We join the protagonists on board the Ship of the Law 'Dawn Treader', searching for the rogue civilisation. The society these humans, barely out of their teens, has created is modelled heavily on Earth children’s tales and mythology; the ship’s name is, of course, drawn from C.S. Lewis’ 'Narnia' books, and they refer to themselves as Lost Boys and Wendys, in reference to Peter Pan. The first section of the book is highly claustrophobic, and the combination of endless military training and a closed society of young people gives the whole story an air of being a combination of "Ender’s Game" and "Lord of the Flies".

A target system is identified, and the crew set out to enforce the Law. But the system is a decoy, and the attack barely succeeds, and only at considerable cost in loss of life. The pov character, the leader, Martin (son of the main protagonist of "The Forge of God"), relinquishes his position and a new leader takes the ship to the next target.

In the meantime, the ship is first of all directed to another Ship of the Law, a derelict, from which the crew retrieve records of a dead race who had the same Job, and failed. And then they rendezvous with a third Ship, whose alien crew are potential allies. These aliens are well-drawn, and certainly have little in common with the humans in form, biology and thought; their mathematics does not rely on integers, and they live as composite lifeforms, communicating by audible and olfactory senses.

Although they are quite likeable, some of the human crew cannot adjust to living and working in proximity – yet they have to press home their attack on the system now identified as the home of the builders of the original weapons. But are the inhabitants of this system all they seem? Are they the people who built the weapons that destroyed Earth? Or have those original builders died out, or moved on? And even if their descendants are the beings the crew encounter, to what extent is it right to impose a punishment on what might be an entire innocent civilisation?

There are no definitive answers, of course; so how valid is The Law? And what is the real obligation on the Lost Boys and Wendys to see it through? Whereas "The Forge of God" is pretty much a straightforward disaster story, "Anvil of Stars" asks a range of difficult questions, and also shows what happens when laws that were created a long time ago have to be enacted in the here and now. ( )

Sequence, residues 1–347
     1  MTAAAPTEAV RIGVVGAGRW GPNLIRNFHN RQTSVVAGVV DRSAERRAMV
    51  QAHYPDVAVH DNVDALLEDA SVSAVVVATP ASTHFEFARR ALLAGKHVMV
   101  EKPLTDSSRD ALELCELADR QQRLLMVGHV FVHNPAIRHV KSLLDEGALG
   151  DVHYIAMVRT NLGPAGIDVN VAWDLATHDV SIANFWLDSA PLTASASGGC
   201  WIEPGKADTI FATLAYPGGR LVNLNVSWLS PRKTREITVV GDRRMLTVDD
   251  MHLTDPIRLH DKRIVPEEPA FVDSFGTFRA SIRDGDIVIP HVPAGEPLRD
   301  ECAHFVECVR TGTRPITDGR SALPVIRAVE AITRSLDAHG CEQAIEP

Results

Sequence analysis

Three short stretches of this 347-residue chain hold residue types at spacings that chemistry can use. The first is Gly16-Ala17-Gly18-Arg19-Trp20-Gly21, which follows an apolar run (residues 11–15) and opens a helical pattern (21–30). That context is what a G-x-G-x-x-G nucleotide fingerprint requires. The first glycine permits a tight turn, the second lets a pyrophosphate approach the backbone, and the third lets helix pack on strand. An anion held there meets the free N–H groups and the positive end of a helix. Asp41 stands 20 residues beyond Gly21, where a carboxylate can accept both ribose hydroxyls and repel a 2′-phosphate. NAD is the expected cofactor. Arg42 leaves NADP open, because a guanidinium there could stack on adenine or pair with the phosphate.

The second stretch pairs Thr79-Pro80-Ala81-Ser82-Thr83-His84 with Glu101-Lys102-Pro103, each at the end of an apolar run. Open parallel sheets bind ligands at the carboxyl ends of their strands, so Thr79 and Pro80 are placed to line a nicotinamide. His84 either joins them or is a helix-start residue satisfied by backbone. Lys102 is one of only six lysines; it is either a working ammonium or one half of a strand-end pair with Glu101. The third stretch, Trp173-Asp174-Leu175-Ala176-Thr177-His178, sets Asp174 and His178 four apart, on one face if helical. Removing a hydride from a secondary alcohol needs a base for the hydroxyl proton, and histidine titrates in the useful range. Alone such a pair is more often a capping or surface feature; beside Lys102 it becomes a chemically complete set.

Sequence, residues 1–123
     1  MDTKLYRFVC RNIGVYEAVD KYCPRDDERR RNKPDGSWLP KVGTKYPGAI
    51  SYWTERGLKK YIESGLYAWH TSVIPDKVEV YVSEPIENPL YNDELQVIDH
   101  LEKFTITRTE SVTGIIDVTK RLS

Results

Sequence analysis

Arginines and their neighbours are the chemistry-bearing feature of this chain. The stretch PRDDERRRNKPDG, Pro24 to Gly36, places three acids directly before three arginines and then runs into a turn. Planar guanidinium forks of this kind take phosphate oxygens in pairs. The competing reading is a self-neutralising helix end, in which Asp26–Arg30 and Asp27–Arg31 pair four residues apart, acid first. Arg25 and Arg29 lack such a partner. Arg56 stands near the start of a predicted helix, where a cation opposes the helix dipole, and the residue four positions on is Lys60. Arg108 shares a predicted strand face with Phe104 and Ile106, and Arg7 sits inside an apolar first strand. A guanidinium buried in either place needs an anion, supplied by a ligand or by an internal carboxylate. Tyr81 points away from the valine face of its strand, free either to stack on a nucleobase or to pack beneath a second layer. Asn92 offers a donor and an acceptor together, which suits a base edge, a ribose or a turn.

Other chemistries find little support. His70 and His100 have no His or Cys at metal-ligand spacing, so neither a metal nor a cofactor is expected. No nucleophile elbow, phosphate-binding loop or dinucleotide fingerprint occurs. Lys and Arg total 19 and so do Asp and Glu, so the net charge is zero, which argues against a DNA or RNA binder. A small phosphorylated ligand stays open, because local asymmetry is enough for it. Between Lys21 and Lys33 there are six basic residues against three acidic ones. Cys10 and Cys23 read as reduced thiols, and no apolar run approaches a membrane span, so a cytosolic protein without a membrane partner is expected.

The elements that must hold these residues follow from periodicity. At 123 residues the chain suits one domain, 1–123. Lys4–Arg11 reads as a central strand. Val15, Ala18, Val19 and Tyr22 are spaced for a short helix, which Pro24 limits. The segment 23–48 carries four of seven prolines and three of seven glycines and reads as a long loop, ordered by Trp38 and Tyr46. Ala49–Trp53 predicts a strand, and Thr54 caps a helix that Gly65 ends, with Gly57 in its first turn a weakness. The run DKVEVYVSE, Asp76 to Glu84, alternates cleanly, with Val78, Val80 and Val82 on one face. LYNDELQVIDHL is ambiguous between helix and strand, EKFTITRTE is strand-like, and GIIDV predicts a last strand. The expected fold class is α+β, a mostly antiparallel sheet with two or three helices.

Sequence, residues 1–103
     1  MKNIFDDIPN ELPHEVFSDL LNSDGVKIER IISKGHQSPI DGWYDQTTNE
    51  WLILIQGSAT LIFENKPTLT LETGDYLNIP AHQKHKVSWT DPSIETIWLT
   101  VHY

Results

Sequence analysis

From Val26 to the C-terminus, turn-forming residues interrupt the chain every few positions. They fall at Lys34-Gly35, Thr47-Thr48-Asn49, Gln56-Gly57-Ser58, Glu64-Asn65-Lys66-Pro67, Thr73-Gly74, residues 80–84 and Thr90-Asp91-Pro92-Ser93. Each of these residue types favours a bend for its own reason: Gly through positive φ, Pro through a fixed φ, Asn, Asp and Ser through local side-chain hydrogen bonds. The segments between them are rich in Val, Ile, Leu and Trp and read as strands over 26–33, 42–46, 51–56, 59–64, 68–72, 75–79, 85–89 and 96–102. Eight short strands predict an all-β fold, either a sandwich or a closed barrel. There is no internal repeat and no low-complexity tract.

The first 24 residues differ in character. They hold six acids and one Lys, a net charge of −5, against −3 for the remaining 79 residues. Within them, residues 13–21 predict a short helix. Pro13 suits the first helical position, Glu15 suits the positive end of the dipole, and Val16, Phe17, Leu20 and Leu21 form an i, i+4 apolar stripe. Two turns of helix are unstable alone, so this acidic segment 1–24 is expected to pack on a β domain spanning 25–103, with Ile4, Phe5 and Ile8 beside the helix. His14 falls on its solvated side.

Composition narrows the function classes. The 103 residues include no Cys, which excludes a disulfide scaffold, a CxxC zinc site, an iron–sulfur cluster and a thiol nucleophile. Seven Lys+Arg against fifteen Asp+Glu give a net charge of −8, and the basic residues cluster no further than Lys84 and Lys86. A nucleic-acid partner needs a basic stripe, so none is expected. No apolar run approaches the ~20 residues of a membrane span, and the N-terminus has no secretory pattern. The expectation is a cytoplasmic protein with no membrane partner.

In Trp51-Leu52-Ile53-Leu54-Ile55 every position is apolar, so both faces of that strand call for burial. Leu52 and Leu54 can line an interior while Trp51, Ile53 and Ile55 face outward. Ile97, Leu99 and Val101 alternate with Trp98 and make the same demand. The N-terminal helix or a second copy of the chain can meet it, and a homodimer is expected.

RobertDay | Dec 16, 2011 |
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» Add other authors (7 possible)

Author nameRoleType of authorWork?Status
Greg Bearprimary authorall editionsconfirmed
Eggleton, BobCover artistsecondary authorsome editionsconfirmed
Puckey, DonaldCover designersecondary authorsome editionsconfirmed
Rodgers, NickCover artistsecondary authorsome editionsconfirmed

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For Dan Garrett, cousin and friend
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Marty sits in the front seat of his father's Buick, riding along a freeway in Oregon at midsummer twilight.
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Amazon.com Product Description (ISBN 0446364037, Mass Market Paperback)

The acclaimed author of Eternity offers a compelling sequel to his visionary Forge of God. Earth is gone, completely destroyed by a ruthless alien. Hundreds of years away, a handful of exiles hurtles through the galaxies in a quest for revenge, armed with powers they do not understand--and determined to find and punish the killers who murdered their world.

(retrieved from Amazon Thu, 12 Mar 2015 18:10:20 -0400)

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Follows the mission of a select group of human survivors as they search in the Ship of Law for the aliens who destroyed their planet.